On Friday, November 11th 2016, EDM giants Porter Robinson and Madeon brought their historic Shelter Live Tour to Philadelphia at the Electric Factory, along with opening acts Robotaki and Danger. This date sold out quickly, and another date that was later added on November 19th to meet the overwhelming demand for a chance to see the performers live promptly sold out as well. I was lucky enough to attend both dates; the review is from the first show and photos are from the second.
The anticipation of this show was unprecedented. Porter Robinson’s established repertoire for producing very emotional and unique shows from his Worlds tour combined with the talent of France-based Madeon gave fuel to the fan frenzy when their joint tour was announced. Some have compared this collaboration as the “Watch the Throne of synth-pop.”. I have been using that analogy to explain my exuberant zeal to others in the days leading up to the show.
Walking to the dimly lit Electric Factory, the anticipation was swirling around in the air as devout Porter Robinson and Madeon fans had their eyes glued to the stage. The general admission floor was already 15 rows deep as soon as doors opened. Everyone in the Electric Factory that night knew they were about to experience something special.
Robotaki began the night with a surprisingly delectable opening set. Paying respects to Dillon Francis, Louis the Child, Daft Punk, and others, he played to the music tastes of the Philadelphia crowd and delivered a well-versed set, even debuting his new original “Right Time.” Having not heard of Robotaki before, he has cemented his place on my musical radar.
Soon after Robotaki ended his set, the mysterious Danger came on to the stage. Wearing a mask with two white beams of light in place of eyes, his poise and song choice drove the mood towards a more gritty and raw atmosphere. Danger delivered tracks that dug deep with bass that penetrated through my inner core.
Once Danger finished up his set, crew members began final checks of all the equipment as the crowd seemed ready to burst from excitement. Even the smooth ambient vibes of Tycho playing in the background failed to calm the overflowing anticipation of the crowd. Finally, the lights dimmed as roars rocked the Electric Factory’s floor. It was time.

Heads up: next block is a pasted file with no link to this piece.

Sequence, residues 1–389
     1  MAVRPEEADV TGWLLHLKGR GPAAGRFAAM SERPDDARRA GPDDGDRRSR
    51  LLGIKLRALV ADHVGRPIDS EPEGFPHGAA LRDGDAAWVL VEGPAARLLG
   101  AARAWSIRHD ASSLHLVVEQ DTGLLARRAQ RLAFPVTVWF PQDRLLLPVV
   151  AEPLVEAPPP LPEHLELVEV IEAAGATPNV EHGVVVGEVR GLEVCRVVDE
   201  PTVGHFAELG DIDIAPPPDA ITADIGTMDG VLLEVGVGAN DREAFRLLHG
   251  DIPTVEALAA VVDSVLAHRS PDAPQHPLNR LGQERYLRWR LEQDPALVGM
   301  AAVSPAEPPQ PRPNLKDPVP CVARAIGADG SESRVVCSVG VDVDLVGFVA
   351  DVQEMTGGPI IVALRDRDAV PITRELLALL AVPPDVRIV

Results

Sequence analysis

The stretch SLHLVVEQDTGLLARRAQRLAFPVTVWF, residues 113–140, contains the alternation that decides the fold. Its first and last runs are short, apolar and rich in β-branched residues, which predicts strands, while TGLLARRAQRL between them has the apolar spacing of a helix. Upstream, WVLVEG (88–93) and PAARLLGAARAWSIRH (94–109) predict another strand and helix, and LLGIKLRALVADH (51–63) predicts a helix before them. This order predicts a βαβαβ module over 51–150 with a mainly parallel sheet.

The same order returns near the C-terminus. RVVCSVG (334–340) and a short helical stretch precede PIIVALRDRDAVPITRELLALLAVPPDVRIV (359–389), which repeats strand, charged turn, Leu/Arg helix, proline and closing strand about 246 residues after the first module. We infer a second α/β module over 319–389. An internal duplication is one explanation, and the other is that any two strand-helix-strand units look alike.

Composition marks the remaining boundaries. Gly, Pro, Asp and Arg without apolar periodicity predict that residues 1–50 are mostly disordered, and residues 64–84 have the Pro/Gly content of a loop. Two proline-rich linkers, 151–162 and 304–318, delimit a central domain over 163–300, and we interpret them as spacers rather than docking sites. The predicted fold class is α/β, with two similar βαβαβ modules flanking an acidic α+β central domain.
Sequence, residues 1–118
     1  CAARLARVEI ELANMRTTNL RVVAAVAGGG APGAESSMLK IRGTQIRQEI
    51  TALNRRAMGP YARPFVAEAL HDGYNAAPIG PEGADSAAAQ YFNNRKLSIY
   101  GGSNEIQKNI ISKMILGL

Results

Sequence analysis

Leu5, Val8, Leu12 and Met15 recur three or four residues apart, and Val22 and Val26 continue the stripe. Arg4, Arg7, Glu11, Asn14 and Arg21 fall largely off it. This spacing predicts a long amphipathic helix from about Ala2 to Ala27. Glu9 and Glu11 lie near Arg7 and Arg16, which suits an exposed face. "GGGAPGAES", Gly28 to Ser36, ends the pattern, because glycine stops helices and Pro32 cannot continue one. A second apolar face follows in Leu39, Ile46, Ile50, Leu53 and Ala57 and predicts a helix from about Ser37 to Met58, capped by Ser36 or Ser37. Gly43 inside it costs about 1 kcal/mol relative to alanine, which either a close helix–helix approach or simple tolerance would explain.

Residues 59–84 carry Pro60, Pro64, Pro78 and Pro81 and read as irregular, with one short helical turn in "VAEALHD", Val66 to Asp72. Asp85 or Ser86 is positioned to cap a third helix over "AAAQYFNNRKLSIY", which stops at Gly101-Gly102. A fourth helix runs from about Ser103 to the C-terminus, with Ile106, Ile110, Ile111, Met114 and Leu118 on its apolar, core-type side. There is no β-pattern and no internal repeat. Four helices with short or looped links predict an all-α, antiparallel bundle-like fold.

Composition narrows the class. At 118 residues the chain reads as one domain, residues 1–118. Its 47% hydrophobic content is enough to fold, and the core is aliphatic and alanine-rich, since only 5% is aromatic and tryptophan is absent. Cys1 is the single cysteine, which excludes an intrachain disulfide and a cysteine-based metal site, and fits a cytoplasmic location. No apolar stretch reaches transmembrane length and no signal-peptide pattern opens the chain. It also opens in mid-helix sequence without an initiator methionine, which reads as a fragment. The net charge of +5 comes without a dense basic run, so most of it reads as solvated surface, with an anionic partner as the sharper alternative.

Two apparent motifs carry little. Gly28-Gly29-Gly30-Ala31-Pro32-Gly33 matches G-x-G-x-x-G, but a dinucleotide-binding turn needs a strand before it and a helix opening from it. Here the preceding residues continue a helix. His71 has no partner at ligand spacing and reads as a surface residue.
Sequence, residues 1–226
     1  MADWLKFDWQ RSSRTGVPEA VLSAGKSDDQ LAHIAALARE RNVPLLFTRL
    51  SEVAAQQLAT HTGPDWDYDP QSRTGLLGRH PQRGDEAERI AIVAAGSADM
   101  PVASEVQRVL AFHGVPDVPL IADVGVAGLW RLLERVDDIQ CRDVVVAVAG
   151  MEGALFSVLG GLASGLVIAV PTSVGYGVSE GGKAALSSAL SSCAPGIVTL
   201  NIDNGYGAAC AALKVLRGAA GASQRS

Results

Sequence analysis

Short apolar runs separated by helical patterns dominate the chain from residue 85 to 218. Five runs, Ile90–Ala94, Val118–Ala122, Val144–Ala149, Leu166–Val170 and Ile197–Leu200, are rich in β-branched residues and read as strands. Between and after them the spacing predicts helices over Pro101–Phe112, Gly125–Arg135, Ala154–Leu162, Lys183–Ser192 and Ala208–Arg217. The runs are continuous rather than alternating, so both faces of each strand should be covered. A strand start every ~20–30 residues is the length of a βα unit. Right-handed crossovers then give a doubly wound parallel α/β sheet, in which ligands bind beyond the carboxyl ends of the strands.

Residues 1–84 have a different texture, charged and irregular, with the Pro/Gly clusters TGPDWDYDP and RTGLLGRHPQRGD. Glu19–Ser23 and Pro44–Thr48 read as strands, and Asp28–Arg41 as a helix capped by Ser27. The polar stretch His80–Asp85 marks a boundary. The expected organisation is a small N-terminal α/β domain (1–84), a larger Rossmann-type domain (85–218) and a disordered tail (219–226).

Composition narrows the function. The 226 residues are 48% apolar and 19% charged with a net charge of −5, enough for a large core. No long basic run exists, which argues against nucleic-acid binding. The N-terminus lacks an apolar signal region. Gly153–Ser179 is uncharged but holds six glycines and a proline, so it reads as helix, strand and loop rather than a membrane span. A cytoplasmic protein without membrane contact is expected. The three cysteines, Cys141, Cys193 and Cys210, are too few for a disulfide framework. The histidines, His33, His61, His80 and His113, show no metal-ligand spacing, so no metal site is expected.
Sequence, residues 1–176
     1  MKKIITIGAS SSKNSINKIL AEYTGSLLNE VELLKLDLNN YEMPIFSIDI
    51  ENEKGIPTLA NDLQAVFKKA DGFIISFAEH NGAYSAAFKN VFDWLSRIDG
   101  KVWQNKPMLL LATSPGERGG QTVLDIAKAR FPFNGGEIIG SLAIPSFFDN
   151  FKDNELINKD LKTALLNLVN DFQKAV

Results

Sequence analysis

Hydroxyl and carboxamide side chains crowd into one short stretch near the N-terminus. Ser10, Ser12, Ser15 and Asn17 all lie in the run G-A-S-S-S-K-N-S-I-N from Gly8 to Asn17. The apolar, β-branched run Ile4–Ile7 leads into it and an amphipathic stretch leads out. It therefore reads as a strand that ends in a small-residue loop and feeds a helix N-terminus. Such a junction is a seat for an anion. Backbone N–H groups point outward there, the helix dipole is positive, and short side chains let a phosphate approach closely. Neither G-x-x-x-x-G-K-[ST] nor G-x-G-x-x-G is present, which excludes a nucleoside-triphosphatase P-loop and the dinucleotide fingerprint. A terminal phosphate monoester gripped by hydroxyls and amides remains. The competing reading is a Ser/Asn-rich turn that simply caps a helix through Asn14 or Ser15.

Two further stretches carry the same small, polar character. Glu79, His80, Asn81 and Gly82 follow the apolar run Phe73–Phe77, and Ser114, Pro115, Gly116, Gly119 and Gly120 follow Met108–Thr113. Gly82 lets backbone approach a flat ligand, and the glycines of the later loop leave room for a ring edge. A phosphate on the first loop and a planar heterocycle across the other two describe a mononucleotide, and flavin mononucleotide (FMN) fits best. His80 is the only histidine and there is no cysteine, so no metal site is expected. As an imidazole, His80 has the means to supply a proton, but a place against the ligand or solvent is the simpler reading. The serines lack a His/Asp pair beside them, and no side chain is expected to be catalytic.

Beginning with an ambient intro, elements of the duo’s collaboration slowly came together until the unique vocal cut of “Shelter” at last transitioned to the start of the show. All of the built-up anticipation released after the first drop, not just from the fans but from the famous duo as well. Soaring high into the air, Porter and Madeon both could not contain their energy as “Shelter” rocked every inch of the venue.
All of the subtle live edits to songs made the show truly unique. One that stuck with me the most was the remix of Madeon’s “Pay No Mind” with the eternal Porter Robinson classic “Easy”. A combination of my two favorite songs from each respective artist was something I never knew I wanted so badly.
Afterword, an 8-bit voice asking “Is anyone there?” led into the most iconic song from Porter’s Worlds LP, “Sad Machine”. The bright synths rocked over the crowd as they sung along to every word of the song. However, for the second drop of the song, the duo pleasantly surprised the crowd by replacing the lead melody from “Sad Machine” with the vocal cuts from Madeon’s “You’re On”.
The indescribable energy of being in a concert hall surged throughout the night. The cycle of fans feeding the artists energy that they then gave back to the crowd never diminished, enduring through to the encore. Even before the duo walked off stage, the crowd immediately unified in a “One-More-Song!” chant. Soon after, they came back on stage with Porter solely on piano as Madeon provided the vocals for “Shelter”. Towards the end of the second verse, Madeon slightly tweaked the lyrics to end with “I’ll be ok” which, as many devout Porter fans can guess, lead to Porter Robinson’s “Language” to finish off an exceptional show.
For tour dates and more information, visit https://shelterlivetour.com/